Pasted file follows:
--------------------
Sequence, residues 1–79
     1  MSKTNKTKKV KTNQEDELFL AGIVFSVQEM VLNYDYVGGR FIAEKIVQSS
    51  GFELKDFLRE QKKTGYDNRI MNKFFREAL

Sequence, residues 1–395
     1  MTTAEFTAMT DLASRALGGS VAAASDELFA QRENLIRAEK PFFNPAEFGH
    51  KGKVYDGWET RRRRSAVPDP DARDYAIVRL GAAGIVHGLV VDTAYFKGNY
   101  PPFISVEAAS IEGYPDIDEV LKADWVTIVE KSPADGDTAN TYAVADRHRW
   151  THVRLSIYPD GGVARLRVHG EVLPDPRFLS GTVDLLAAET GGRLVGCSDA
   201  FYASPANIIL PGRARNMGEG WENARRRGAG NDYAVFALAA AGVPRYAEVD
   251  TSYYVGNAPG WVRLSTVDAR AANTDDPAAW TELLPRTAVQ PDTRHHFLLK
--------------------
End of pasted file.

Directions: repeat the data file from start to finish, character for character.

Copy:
Sequence, residues 1–79
     1  MSKTNKTKKV KTNQEDELFL AGIVFSVQEM VLNYDYVGGR FIAEKIVQSS
    51  GFELKDFLRE QKKTGYDNRI MNKFFREAL

Sequence, residues 1–395
     1  MTTAEFTAMT DLASRALGGS VAAASDELFA QRENLIRAEK PFFNPAEFGH
    51  KGKVYDGWET RRRRSAVPDP DARDYAIVRL GAAGIVHGLV VDTAYFKGNY
   101  PPFISVEAAS IEGYPDIDEV LKADWVTIVE KSPADGDTAN TYAVADRHRW
   151  THVRLSIYPD GGVARLRVHG EVLPDPRFLS GTVDLLAAET GGRLVGCSDA
   201  FYASPANIIL PGRARNMGEG WENARRRGAG NDYAVFALAA AGVPRYAEVD
   251  TSYYVGNAPG WVRLSTVDAR AANTDDPAAW TELLPRTAVQ PDTRHHFLLK